From - The Southern Planter: A Monthly Periodical Devoted to Agriculture, Horticulture and the Household Arts. Volume III, Charles T. Botts, Editor, Richmond, 1843. Page 175.
"Management of Servants"
Mr. Editor - The management and conduct of servants, especially about a house, has been a source of much trouble and vexation to the housekeeper or manager; and to an observing person, the turmoil and labor of the mistress of a family, in the management of her servants seem to warrant the conclusion, that the trouble of housekeeping more than counterbalances the comforts and enjoyments procured by the labors of her domestics. Indeed, very few Virginia ladies, comparatively speaking, are brought up in a way calculated to make them what we would call good managers. Now what I want to suggest, is, the propriety of adopting the following advice.
First, let me remark, that most servants are incapable of understanding the explanation of any thing which they can not see with their eyes; therefore it is useless to tell them to do any thing which requires a long explanation, or which they are daily unaccustomed to do. It is by far the best plan, to allot to each his particular duties, and to have their affairs so arranged that one will not be dependent on the other. Let not one be employed about the same thing; for if there is more than one, they will depend on each other; and, moreover one can do more than two or three if they are employed closely together; probably some will not believe this, but let them try it.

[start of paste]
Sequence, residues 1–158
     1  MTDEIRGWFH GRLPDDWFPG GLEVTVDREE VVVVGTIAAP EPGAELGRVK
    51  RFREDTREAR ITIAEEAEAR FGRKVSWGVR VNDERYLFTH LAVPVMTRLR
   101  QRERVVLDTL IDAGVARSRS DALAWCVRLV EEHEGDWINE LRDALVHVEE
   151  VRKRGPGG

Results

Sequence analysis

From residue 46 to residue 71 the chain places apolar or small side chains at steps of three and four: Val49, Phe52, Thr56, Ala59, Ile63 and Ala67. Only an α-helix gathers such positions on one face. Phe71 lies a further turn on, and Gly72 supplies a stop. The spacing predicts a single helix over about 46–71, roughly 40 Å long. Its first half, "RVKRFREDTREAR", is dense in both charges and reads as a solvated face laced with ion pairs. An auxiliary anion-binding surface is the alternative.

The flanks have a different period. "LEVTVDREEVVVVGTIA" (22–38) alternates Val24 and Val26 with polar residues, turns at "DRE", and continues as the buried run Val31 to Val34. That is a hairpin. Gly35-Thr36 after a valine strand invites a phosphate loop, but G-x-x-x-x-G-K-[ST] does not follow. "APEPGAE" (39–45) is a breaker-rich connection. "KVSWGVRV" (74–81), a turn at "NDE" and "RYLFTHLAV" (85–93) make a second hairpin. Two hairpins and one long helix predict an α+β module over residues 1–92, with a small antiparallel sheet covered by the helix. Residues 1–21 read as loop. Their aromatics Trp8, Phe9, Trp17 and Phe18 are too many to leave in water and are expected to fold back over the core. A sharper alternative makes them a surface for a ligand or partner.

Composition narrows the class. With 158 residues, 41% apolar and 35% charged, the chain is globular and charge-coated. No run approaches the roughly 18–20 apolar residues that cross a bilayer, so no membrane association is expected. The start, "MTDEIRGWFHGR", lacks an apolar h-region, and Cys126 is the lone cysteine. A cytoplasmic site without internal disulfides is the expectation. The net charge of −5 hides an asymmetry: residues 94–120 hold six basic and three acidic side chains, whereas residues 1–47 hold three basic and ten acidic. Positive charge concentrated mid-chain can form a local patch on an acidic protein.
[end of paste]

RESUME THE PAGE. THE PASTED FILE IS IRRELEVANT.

Never change your servants from one line of business to another, for it takes them some time to get into the habit of doing things regularly. Be always as concise as possible in giving orders; for servants cannot retain many things in their heads at one time. Never scold when a servant neglects his duty, but always punish him, no matter how mildly, for mild treatment is the best; severity hardens them. Be firm in this, that no neglect go unpunished. Never let a servant say to you "I forgot it." That sentence, so often used, is no excuse at all. Finally, let regularity mark every action, and the consequence will be, that every thing will be done in its right place and at its right time; and the comforts and happiness of the family will be secured.
Image courtesy to the Library of Congress.